Serious privacy issues surrounding offshored work have been highlighted through numerous high-profile incidents and accusations. While these privacy concerns unquestionably also plague outsourcing of government work to private companies in general, they are particularly problematic with regard to overseas providers. U.S. law does not apply overseas and obtaining redress in the U.S. civil justice systems in cases of abuse involving overseas companies is potentially very difficult. Even though increased offshoring by U.S. companies means that an unprecedented amount of sensitive personal data is being shipped overseas, U.S. privacy protections effectively end at our borders. In sharp contrast, European consumers are afforded considerably greater protection by a European Union (EU) law that permits personal data to be sent offshore only to countries whose privacy laws have been deemed to provide equivalent privacy protections and that have been found to have strong enforcement capabilities. Because most countries cannot meet these "safe harbor" requirements, European jobs that involve the handling of confidential information have been offshored at a far slower rate than in the United States.
There are already numerous examples of confidential information being mishandled in offshore situations:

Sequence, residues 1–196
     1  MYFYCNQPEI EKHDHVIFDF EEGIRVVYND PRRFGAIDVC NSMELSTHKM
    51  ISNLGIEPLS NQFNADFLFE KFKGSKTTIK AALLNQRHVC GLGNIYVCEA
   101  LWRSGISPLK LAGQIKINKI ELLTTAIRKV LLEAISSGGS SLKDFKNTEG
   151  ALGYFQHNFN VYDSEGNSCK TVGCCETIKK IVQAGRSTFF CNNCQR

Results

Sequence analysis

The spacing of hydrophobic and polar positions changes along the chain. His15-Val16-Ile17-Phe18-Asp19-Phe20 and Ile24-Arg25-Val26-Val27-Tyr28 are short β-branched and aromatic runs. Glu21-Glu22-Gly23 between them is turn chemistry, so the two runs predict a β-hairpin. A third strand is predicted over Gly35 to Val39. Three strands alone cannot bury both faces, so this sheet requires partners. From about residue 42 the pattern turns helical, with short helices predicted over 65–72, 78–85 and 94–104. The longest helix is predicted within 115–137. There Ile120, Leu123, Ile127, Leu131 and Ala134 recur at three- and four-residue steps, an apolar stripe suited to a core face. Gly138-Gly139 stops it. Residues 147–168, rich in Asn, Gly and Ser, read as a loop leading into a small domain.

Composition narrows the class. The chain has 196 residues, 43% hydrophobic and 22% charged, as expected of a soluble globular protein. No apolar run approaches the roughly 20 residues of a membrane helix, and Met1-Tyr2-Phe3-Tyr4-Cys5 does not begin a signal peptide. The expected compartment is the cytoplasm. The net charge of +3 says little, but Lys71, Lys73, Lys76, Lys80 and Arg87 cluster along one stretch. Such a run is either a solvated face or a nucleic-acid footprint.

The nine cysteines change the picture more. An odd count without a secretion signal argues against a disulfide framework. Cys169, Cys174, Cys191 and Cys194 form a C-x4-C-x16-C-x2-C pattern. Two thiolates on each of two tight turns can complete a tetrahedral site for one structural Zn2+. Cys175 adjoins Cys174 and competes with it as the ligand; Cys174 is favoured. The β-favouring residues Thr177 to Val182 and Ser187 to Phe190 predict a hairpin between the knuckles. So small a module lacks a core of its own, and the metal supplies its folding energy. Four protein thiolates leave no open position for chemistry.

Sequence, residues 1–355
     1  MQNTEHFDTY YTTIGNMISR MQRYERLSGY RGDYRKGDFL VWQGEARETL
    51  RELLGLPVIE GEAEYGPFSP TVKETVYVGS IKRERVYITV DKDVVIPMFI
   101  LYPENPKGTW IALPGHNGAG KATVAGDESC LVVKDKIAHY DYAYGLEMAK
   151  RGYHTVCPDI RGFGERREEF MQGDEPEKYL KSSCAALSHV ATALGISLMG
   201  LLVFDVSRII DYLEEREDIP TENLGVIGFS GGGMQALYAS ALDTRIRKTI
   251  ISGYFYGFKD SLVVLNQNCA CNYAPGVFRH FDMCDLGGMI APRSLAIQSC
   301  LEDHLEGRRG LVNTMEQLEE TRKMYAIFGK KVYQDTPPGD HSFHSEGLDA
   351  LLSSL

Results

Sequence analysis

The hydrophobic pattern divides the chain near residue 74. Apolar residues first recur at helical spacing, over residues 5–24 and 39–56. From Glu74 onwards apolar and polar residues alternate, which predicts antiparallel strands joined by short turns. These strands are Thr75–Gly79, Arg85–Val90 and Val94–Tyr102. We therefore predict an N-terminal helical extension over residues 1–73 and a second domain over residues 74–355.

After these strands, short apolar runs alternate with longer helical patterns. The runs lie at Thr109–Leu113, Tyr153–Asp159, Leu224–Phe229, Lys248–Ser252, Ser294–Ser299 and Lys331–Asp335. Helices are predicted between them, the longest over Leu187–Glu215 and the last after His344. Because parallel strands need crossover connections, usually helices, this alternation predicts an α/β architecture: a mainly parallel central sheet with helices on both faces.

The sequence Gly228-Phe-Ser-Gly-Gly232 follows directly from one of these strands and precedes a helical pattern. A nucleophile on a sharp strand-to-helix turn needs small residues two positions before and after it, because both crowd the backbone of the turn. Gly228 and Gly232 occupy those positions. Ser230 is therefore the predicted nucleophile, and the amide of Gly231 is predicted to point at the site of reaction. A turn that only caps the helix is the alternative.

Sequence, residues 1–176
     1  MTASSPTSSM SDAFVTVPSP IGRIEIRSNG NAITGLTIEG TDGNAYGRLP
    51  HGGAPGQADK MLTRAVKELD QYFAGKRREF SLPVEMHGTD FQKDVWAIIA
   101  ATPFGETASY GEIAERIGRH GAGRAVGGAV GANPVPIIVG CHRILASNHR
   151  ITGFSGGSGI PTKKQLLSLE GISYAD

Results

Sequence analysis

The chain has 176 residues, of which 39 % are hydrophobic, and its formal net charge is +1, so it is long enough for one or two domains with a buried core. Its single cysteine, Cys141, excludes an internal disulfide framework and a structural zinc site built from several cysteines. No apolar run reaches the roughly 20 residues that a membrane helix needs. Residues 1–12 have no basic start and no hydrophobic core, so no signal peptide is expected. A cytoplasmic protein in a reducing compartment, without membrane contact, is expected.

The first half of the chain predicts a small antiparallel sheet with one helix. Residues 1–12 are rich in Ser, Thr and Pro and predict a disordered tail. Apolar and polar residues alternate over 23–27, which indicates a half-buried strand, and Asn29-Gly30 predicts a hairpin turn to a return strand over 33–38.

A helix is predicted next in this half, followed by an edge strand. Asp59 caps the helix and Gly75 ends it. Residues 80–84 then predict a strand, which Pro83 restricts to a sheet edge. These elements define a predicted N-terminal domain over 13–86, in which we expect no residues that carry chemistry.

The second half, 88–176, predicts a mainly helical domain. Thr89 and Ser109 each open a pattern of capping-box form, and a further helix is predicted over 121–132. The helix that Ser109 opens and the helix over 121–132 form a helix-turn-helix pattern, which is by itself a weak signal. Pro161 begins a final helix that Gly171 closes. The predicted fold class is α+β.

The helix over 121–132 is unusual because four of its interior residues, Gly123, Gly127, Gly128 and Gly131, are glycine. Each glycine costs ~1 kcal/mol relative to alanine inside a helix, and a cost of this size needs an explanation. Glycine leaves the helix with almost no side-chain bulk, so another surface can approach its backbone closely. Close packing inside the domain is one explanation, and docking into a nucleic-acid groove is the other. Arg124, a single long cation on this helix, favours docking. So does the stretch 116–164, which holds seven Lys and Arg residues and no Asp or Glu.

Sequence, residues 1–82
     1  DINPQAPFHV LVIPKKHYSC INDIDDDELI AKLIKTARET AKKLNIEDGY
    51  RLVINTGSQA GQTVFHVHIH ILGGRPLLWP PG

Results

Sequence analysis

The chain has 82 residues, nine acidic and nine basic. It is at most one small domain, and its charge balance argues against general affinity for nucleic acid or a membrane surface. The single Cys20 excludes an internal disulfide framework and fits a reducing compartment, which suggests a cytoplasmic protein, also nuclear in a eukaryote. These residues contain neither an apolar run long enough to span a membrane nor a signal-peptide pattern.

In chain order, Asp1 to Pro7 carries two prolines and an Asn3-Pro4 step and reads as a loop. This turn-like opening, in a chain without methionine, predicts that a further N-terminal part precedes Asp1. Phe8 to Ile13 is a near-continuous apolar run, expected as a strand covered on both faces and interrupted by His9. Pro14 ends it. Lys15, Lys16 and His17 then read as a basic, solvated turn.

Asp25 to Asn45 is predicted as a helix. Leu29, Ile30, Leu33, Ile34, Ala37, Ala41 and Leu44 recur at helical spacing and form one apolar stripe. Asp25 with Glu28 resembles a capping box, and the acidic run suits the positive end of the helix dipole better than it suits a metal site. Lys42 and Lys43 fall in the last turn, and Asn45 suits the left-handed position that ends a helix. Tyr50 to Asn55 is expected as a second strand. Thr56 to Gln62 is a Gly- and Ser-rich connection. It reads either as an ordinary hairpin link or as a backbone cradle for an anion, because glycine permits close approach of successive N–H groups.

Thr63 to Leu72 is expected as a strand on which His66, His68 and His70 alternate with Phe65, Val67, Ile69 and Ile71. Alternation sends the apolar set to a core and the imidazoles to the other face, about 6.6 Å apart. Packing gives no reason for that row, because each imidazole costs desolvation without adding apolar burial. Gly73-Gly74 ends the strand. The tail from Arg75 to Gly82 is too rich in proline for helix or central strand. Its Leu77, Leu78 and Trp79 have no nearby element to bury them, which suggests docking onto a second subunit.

In 2001, the federal Department of Health and Human Services adopted nationwide privacy protections for medical information in the "Privacy Rule," mandated by the Health Insurance and Portability and Accountability Act (HIPAA) of 1996. This law prevents health care companies from selling information to third parties, such as telemarketing firms. However, the protected health information of a patient can be processed internally by a HIPAA-regulated "Covered Entity." These entities can transfer protected health information to certain third-party service providers, such as insurance companies, research facilities, transcriptionists or radiologists, with no requirement that the patient’s prior consent be obtained. The offshoring of such information was most likely not contemplated when HIPAA was designed; nothing in the statute forbids the transfer of information to overseas locations for third-party services.
Other work that involves sensitive personal information has also been offshored in financial sectors, most prominently accounting. An estimated 150,000-200,000 individual tax returns, both federal and state, will be prepared in India in 2004. Tax returns contain personal information including Social Security numbers, addresses, employer information, stock holdings and credit information. In response to questions about security, some firms such as Massachusetts-based Datamatrix have established self-enforced security measures such as not permitting writing materials, printers, or even e-mail access in offshore offices where tax preparation is done. But none of these measures are required of firms that offshore work – or are necessarily sufficient to prevent violations of consumer privacy.